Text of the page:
A scientist from Tokyo Metropolitan University has shown that large gamma-ray-emitting bubbles around the center of the Milky Way were produced by fast, outward-blowing winds and an associated “reverse shock.”
Numerical simulations successfully reproduced the temperature profile observed by an X-ray telescope. Such outflows have been observed in other galaxies; this finding suggests similar winds may have been blowing in our own galaxy until quite recently.
The universe is full of massive celestial objects that are yet to be explained. Among these are the “Fermi bubbles,” so-called because they were first discovered by the Fermi Gamma-ray Space Telescope in 2010.
These bubbles are enormous gamma-ray-emitting regions that extend from either side of the center of the Milky Way over approximately 50,000 light years, protruding out from the plane of the galaxy like balloons as shown in the figure above. Despite their mind-blowing scale, the mechanism by which they are formed are yet to be deciphered.
Now, Professor Yutaka Fujita from Tokyo Metropolitan University has presented theoretical evidence demonstrating how such objects may have been formed.
Since their discovery, many hypotheses have been put forward about the formation of the Fermi bubbles, including explosive activity of the central supermassive black hole, winds from the black hole, and steady star-formation activity.
Distinguishing these scenarios is a challenging task, but the availability of state-of-the-art X-ray observations from the Suzaku satellite offers a chance to compare measurements with what astronomers expect from various scenarios.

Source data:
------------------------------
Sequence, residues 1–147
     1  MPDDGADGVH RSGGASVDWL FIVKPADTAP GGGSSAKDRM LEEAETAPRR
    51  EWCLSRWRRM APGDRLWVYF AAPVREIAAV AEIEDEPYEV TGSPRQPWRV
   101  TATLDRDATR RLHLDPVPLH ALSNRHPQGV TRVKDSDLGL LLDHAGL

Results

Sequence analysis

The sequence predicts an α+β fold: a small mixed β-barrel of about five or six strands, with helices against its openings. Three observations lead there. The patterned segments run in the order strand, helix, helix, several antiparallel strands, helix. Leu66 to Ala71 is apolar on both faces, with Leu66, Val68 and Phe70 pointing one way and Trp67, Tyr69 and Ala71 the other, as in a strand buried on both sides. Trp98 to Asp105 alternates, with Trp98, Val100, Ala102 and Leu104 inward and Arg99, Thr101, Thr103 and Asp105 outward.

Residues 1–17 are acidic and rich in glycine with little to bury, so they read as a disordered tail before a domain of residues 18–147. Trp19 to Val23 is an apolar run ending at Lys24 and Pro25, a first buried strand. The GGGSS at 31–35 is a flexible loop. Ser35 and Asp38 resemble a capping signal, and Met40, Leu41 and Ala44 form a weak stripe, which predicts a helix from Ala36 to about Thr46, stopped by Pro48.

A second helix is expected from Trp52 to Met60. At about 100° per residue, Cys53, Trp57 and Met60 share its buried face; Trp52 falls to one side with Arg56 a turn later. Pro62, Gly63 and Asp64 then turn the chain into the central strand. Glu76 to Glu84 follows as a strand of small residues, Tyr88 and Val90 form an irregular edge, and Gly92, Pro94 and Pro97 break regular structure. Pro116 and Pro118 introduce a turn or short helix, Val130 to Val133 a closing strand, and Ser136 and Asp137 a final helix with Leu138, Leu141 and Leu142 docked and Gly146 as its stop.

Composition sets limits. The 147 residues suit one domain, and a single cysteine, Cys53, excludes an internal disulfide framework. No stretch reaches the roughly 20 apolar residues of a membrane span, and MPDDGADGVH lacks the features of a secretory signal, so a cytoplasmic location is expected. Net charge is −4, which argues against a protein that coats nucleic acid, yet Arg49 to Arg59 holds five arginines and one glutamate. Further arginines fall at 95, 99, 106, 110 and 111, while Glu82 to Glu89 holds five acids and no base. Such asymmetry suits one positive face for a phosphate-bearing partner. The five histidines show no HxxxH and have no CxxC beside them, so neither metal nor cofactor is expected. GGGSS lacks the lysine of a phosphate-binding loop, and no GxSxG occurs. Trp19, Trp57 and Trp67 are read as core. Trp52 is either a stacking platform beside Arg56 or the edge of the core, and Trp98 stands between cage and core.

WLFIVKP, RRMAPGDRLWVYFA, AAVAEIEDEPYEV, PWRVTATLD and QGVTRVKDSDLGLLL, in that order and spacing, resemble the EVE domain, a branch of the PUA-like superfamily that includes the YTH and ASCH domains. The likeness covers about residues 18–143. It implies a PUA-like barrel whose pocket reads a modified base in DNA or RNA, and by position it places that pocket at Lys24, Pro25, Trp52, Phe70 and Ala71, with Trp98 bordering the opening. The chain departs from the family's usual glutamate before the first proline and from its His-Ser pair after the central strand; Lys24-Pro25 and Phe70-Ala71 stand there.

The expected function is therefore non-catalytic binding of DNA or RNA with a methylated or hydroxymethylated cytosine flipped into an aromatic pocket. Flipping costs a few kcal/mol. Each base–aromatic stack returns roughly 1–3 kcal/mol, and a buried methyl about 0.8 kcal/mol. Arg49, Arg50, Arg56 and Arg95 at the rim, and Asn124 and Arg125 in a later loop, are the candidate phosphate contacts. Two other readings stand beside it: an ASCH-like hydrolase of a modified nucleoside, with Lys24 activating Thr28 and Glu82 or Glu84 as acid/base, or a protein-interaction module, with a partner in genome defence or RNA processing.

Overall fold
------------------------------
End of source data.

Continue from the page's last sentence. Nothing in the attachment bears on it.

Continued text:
The simulations of Professor Fujita considered fast outflowing winds from the black hole injecting the necessary energy into the gas surrounding the center of the galaxy.
Comparing with the measured profiles, they found that there was a good chance that the Fermi bubbles are produced by the fast outflowing winds, blowing at 1,000 km per second over 10 million years. These are not winds as we would experience them on earth, but streams of highly charged particles traveling at high speeds and propagating through space.
These winds travel outward and interact with surrounding halo gas, causing a reverse shock that creates a characteristic temperature peak. The Fermi bubbles correspond to the volume on the inside of this reverse shock front.
Importantly, simulations also showed that an instantaneous explosion at the center could not reproduce the profiles measured by the telescope, lending weight to a scenario based on steady winds generated by the central black hole.
The author notes that the winds predicted by the simulation are similar to outflows observed in other galaxies. The correspondence suggests the same kinds of massive outflows seen in other parts of the universe were present in our own galaxy until fairly recently.